The Christmas season is fully upon us, coming at us from all directions, and yet many of us practice a kind of resistance—a time of watching, and waiting, a time of settling in that resists the pull of Christmas commerce just a bit, and recognizes that there is something beautiful and complex in waiting and listening. The incessant drum-beat of consumerism is difficult to ignore. We are led to believe that our possessions proclaim who we are, and always seek to acquire more, and often we are urged to acquire these things without really thinking. Yet the story of Advent counters that message, lifting up waiting as not a time of deprivation but as a time of fulfillment and of purposefulness.
And within this context, there is yet another narrative of resistance that is pressing upon the consciousness of many in our country right now. On the streets of Ferguson, and St. Louis, Cleveland, Staten Island, and New York, and hundreds of other cities around the nation and around the globe, there have been other drumbeats as well: the drumbeats of marching feet, and the voices of those who cry out from a wilderness of deep lamentation, a wilderness of anger, of injustice, of mourning. There seems to be a resistance on some corners to acknowledging the legitimacy of that deep pain and suffering, a desire to seal ourselves off from the reality of that pain by judging those who suffer it. There is a wilderness within our own hearts, a hedge of brambles that too often separates us into opposing camps and allows us to justify casting off and discarding each other. Is there any hope, as the shadows lengthen in these days of early nightfall and late sunrise? Can we hear a call to us within our reading from Isaiah that speaks to us today?
Our passage from Isaiah (also referenced in Mark’s gospel for today) speaks to us to respond to a voice of one in the wilderness. That voice in the wilderness could also have been a voice of lamentation, a voice mourning for the trauma and the struggles that beset the people. In Jeremiah 31:15, we hear what that voice could have been– the voice of Rachel crying out for her children, filled with deep anguish and bitter weeping. When considering the protests that have broken out all across America and across the world in the last few months in particular, can we get to a place where we can consider the anguish and the mourning not just the anger from wish that deep sense of suffering springs? Can we also draw hope from that voice?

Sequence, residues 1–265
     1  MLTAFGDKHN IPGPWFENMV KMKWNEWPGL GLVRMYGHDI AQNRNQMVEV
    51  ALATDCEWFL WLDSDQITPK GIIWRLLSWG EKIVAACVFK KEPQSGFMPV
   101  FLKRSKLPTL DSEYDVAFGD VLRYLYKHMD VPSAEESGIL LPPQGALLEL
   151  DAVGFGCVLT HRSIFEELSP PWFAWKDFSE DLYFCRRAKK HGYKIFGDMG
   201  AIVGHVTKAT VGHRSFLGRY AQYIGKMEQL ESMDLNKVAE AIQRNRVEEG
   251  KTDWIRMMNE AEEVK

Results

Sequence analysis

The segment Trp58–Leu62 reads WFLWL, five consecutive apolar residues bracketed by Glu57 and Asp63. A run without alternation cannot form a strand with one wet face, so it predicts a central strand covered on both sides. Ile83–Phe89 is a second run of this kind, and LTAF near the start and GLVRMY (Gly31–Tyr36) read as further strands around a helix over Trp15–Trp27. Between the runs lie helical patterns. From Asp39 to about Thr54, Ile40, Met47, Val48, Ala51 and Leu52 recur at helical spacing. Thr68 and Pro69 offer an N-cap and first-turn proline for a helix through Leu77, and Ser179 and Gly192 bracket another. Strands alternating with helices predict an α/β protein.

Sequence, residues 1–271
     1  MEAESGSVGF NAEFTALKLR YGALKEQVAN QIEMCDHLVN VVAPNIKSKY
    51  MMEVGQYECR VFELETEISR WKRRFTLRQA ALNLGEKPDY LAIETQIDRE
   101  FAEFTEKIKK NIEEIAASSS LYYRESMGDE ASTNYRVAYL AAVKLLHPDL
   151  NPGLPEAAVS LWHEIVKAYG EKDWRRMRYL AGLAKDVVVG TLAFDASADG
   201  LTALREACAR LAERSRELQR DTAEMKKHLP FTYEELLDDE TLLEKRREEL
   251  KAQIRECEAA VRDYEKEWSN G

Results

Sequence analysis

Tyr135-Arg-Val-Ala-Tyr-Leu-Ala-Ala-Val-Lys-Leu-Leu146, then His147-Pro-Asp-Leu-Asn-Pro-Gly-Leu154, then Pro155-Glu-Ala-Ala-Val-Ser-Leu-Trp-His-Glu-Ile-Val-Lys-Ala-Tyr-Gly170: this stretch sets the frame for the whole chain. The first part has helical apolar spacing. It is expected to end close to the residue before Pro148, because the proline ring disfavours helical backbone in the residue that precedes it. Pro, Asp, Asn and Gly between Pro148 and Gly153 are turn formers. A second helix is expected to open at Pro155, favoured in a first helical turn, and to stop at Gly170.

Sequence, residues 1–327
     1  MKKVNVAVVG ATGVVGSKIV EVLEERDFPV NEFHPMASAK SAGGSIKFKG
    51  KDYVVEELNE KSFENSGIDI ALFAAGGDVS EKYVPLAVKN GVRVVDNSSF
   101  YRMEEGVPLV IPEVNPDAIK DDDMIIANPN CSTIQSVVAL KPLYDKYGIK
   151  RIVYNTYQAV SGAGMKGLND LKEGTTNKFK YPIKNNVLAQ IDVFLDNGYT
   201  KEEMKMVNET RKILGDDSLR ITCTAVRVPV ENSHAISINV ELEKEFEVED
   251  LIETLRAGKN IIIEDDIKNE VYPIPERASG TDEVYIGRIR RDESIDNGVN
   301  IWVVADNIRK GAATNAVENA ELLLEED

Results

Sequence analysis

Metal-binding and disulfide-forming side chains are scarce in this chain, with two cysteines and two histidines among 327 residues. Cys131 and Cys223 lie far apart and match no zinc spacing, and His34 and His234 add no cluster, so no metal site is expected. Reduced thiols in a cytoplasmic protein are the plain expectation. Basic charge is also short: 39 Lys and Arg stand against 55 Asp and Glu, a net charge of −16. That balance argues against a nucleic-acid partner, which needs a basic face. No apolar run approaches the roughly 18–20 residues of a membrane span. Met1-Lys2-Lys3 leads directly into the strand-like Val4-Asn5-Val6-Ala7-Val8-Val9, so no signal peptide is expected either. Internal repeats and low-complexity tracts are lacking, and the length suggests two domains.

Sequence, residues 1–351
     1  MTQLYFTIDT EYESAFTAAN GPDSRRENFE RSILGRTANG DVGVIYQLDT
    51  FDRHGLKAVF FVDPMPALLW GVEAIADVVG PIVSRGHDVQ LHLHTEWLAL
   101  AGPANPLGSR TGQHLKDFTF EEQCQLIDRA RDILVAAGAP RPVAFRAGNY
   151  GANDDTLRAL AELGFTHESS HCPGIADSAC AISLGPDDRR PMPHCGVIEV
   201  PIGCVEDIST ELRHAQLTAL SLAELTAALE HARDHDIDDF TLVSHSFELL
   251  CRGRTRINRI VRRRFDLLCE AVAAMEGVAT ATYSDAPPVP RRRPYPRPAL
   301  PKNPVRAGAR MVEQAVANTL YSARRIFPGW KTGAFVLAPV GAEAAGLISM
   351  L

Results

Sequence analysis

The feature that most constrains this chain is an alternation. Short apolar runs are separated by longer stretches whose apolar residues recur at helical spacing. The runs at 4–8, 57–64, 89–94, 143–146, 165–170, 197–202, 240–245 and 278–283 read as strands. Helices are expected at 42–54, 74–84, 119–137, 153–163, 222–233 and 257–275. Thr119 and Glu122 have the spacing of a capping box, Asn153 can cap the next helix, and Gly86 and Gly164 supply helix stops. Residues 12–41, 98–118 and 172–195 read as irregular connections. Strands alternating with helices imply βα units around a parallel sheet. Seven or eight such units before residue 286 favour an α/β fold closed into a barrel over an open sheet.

However, look closer. The voice we hear of in Isaiah chapter 40, and echoed in Mark, is a voice shaped by its sojourn in the trackless wastes of deprivation and suffering, but it is nonetheless a voice of that is refreshed by hope. Its first word to us is “comfort.” It calls to us while we are still mired within our pain, but provides us with a hope of a highway made straight through the desert of that suffering, a hope that sprouts up even in the midst of our pain and helps those marching feet to keep moving, one step after the other. That voice from the wilderness is also brought forth by the hope that we see ourselves anew, and, in seeing ourselves anew, see each other anew.
We hear the sound of lamentation and mourning in the streets of our cities—our modern version of the wilderness, even within the noise and neon glare that surrounds us. We hear the voice of lamentation within our own hearts, as we consider lives lost and other lives changed forever by that loss. Yet God is with us, even here. Especially here. And that voice recalls us to that truth. The story of Advent is a story of waiting- waiting for judgment as well as waiting for a new creation to be set in motion. Can we hear the voice of one who reminds us of what it really should mean when that voice proclaims, “Here is your God!”
Our Advent narrative seeks to remind us of the both the joy and the judgment that will come with the new dawn. After we have lived Advent, we can see that the message of the approaching Christmas is not just to have the wise bring gifts to the Christ child, but to have the strength and the wisdom to open our hearts to Christ’s message of empathy and justice as the necessary foundation to peace. In John’s gospel, Jesus tells us, “Peace I leave with you; my peace I give to you. I do not give to you as the world gives. Do not let your hearts be troubled, and do not let them be afraid.” Peace is Christ’s greatest gift to us, as we should remember in this season of giving. Yet it is up to us to nurture that peace.
As we wait this Advent, are we waiting for Christmas, or are we waiting for Christ? Are we preparing not just for the newborn Jesus, but for the return of Christ who calls us to be purified, to love our neighbors as we love ourselves? Are we waiting for that voice to call out from the wilderness? God is still speaking to us. Let us seek to prepare a way for the Lord into our own hearts, now more than ever.
Leslie Scoopmire is a retired teacher and postulant for the priesthood in the Diocese of Missouri. She attends Eden Theological Seminary in Webster Groves, MO. She is a member of and musician at the Church of the Holy Communion in University City, Missouri, in the Diocese of Missouri, and tweets daily prayers and news of note @HolyCommUCity. Her blog is Abiding in Hope.